CBC can go Hollywood, says CRTC
OTTAWA - Much to the chagrin of Canadian private broadcasters, the CRTC this week said the CBC can show non-Canadian feature films during peak viewing hours.
During the CBC's last licensing go-around, in January of 2000, the Commission imposed some conditions on its license which said the CBC was not allowed to show any recent, popular non-Canadian movies during prime time, 7-to-11 p.m.
However, the Commission granted the CBC time to show movies it already held rights to for a period of 36 months, an extension which was due to expire at the end of this month.
Earlier this year, the CBC requested that the CRTC delete those conditions, pointing to the fact that its schedule is markedly Canadian but that its mandate is to show "the best the world has to offer," said its submission, which means showing Hollywood blockbusters, too.
In June, the Canadian Association of Broadcasters objected to the request, saying the CBC should stick to Canadian fare, that there are more than enough places for Canadians to view "the best the world has to offer", and that having a broadcaster with a wallet as big as CBC's in the market for U.S. movies was unfair and would drive up programming costs.
The CAB "considers that the CBC's application amounts to a request for permission to compete directly with private broadcasters in a programming category already well-served by private conventional, specialty and pay services," said its letter to the Commission.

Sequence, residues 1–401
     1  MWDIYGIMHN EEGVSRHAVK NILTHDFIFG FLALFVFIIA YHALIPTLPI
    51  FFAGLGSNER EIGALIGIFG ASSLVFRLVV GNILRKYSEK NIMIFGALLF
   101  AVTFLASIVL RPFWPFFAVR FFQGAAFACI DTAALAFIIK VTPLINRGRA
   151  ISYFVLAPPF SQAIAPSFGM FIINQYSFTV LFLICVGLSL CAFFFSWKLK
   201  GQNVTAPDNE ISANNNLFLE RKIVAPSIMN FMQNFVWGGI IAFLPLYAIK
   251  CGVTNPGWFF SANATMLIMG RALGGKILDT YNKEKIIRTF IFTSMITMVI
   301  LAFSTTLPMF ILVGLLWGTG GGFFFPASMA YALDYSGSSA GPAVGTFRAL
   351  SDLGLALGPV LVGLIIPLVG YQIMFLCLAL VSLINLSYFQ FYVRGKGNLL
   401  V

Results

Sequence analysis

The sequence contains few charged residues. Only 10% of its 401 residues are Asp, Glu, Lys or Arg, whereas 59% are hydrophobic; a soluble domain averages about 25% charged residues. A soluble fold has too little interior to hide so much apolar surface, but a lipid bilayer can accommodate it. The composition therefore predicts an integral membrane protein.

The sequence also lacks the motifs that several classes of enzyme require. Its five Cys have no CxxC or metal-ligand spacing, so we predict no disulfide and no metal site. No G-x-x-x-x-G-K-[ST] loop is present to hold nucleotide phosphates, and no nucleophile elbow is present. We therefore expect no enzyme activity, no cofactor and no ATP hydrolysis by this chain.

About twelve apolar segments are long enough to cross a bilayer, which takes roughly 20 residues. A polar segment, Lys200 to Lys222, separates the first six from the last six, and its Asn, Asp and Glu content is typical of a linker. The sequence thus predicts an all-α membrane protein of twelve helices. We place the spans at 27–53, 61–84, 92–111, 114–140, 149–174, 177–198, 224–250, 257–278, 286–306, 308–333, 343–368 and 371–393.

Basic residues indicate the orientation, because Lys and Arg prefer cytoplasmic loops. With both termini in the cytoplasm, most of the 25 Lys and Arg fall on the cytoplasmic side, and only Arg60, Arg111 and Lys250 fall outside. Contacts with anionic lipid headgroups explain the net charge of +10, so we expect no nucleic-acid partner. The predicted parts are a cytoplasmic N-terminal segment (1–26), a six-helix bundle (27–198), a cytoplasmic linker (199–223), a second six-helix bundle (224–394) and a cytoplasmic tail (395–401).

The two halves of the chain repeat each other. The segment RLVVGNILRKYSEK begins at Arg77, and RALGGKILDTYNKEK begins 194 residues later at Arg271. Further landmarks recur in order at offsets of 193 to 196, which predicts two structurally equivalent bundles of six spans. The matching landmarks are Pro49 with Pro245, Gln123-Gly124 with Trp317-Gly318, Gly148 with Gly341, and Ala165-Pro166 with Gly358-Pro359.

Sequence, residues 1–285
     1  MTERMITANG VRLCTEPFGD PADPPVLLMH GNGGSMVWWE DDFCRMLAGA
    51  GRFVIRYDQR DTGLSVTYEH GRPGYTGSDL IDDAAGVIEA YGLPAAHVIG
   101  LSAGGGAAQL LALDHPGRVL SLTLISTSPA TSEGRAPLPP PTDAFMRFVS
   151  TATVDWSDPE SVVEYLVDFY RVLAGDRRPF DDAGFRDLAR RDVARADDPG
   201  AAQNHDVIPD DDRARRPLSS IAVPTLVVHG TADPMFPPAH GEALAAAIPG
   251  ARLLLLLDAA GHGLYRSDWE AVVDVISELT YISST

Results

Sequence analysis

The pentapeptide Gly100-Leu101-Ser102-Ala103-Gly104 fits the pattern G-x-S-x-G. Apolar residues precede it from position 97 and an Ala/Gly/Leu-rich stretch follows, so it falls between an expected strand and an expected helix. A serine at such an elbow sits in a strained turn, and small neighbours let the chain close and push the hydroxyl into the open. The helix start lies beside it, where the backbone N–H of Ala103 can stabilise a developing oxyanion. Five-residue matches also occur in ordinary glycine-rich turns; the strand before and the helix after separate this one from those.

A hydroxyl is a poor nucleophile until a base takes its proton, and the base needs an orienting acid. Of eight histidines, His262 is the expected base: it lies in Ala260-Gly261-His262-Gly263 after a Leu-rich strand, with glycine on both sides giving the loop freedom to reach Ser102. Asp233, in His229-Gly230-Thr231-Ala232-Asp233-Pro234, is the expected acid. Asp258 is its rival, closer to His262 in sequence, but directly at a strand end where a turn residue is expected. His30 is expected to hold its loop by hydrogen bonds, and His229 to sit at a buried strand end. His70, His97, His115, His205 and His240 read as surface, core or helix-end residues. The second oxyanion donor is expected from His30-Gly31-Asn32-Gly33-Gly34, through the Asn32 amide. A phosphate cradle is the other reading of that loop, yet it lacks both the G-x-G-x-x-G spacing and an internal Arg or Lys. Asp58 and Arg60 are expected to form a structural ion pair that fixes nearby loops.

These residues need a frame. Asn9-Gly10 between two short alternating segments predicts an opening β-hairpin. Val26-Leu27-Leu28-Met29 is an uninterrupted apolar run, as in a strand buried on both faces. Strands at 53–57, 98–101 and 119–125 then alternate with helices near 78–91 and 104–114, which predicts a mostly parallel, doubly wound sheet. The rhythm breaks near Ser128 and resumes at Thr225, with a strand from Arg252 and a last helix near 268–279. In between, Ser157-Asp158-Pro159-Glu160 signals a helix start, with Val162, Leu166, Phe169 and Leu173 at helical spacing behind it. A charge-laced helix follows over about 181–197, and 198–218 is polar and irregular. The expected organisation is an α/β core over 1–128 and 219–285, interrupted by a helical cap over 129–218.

The CBC countered saying that the peak viewing hours in 2001, even while able to show U.S. movies, were 86% and 87% Canadian content on CBC and SRC, respectively. Its commitment to Canadian programming would make it difficult to offer "even one Canadian movie per week," it told the CRTC.
Commissioners sided with the CBC, saying its mandate does not preclude showing non-Canadian movies in prime time.
"While the (Broadcasting) Act clearly requires the CBC to focus on Canadian programming, it contemplates that a certain amount of such non-Canadian programming could be included in the CBC's schedules," reads Wednesday's decision. "In the Commission's view, it is also reasonable that some portion of that could be aired during peak viewing hours, particularly programs representing the best that the world has to offer."
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